A smart practice guide to presidential transition: a resource for governing boards and new presidents of Canadian public universities

Date

2019-01-28

Authors

Hakkarainen, Karen E.

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Abstract

This report presents a research study into smart practices in presidential transition in the context of Canadian public universities. Recognizing that leadership transition is a time of risk for institutions, the research sought to answer the primary question: What smart practices support the successful transition to a new university president? The methodology for this study was a qualitative inquiry and was informed by a literature review that explored five themes related to leadership transition: 1) systems thinking, 2) stakeholder engagement, 3) leadership transition, 4) diversity in leadership, and 5) the implications of organizational culture on leadership transition. The smart practices were identified through a review of policy documents outlining current practices in presidential transition that are available on the websites of Canadian public universities and a series of elite, semi-structured interviews with individuals serving in the role of president. Based on themes emerging from the interviews and the review of policies and practices, a series of smart practices were identified. The study identified a conceptual framework for transition in which transition is presented as a continuum: it begins when a governing board becomes aware of the need to search for a new president, continues through the search and selection phase, identifies the president-designate phase as a key opportunity during transition, and then continues beyond the first 100 days of a presidency. In keeping with this conceptual framework, the findings from the research can be grouped according to six themes: 1) the relationship between the president and the board of governors, 2) the relationship between the president and the university community, 3) transition: improving the search phase, 4) transition: navigating the onboarding phase, 5) personal effectiveness, and 6) leadership and diversity. The report concludes with recommended smart practices for governing boards and new presidents as they navigate leadership transition. While the research was conducted for Royal Roads University, the recommended smart practices may be beneficial to other universities facing leadership transitions.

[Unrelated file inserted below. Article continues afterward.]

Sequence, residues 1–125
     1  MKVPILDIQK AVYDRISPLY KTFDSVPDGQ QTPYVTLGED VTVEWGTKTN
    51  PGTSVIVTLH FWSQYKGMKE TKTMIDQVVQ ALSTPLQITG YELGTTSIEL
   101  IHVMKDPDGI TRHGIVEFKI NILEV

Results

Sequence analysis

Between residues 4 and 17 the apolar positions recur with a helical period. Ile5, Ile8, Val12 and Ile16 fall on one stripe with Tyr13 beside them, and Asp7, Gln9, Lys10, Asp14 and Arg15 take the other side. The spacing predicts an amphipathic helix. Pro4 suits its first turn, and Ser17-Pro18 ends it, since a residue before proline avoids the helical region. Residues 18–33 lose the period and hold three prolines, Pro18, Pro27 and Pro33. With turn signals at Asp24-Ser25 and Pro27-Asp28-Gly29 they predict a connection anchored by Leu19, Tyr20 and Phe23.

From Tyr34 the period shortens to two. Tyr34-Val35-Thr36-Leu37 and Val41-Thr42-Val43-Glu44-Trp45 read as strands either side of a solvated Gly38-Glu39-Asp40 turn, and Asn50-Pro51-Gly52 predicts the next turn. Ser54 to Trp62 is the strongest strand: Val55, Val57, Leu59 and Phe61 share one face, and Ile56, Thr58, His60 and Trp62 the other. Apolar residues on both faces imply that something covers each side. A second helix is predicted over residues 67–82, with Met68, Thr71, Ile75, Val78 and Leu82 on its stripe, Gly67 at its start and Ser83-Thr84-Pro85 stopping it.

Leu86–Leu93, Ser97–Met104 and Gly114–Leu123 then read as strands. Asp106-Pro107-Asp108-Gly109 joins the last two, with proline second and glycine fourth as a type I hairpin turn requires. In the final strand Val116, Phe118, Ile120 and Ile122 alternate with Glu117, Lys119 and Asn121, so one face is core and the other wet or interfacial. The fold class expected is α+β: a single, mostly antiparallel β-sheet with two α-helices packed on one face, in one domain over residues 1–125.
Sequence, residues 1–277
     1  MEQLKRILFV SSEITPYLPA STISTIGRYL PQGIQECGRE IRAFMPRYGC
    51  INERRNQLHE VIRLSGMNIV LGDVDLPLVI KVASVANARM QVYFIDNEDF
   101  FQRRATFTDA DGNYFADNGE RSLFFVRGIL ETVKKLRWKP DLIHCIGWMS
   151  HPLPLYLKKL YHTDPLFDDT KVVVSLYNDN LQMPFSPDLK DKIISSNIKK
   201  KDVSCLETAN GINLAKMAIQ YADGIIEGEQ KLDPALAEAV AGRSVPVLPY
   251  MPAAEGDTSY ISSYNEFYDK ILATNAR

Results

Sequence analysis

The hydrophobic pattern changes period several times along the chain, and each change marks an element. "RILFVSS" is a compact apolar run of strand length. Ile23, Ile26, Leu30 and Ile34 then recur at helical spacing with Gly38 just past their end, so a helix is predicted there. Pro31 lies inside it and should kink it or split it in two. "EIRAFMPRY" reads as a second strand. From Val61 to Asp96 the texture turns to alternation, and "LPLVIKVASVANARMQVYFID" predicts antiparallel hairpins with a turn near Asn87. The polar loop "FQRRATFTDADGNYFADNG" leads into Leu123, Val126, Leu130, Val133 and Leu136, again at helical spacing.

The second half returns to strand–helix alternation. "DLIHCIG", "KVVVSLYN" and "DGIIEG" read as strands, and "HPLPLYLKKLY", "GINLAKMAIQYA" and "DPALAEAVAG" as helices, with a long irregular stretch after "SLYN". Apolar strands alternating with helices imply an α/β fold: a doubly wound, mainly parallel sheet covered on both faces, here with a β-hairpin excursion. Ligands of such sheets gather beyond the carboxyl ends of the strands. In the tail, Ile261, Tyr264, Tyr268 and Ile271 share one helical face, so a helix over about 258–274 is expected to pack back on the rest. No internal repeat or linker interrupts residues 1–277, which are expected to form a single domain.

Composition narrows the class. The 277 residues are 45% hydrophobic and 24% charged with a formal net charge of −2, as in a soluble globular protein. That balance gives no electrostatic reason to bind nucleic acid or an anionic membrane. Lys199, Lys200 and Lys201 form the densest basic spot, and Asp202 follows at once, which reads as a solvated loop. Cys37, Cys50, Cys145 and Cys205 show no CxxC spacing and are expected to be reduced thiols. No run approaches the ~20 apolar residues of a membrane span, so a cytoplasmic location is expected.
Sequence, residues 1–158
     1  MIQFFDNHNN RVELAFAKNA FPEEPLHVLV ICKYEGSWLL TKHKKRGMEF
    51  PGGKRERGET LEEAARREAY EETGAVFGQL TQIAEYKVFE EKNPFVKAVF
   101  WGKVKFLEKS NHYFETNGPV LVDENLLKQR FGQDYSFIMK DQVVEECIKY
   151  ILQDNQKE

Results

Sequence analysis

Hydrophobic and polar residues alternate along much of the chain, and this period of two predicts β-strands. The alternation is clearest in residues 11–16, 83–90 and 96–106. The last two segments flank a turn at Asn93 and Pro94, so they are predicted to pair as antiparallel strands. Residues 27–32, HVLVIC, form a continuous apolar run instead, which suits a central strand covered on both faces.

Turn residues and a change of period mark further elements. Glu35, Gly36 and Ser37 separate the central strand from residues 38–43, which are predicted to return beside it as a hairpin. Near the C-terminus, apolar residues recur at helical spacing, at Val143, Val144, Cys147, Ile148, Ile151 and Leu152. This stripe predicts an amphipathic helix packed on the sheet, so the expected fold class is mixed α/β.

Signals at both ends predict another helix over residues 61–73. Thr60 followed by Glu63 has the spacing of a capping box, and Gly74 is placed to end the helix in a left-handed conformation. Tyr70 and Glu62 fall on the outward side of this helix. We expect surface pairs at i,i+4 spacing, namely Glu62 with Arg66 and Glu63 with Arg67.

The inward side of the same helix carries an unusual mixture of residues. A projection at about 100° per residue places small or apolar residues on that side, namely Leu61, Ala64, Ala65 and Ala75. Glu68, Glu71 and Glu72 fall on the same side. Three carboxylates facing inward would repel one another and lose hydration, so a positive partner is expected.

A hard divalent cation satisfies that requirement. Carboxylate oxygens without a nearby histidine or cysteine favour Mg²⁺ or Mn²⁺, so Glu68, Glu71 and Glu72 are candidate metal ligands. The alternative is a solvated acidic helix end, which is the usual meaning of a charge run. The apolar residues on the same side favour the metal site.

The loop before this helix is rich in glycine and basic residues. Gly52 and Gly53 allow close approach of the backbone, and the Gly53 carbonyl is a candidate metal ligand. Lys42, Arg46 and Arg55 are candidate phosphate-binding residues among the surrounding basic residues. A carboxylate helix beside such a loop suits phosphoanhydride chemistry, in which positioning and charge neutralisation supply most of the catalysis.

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Keywords

universities, presidential transition, leadership transition, post secondary, onboarding, smart practices

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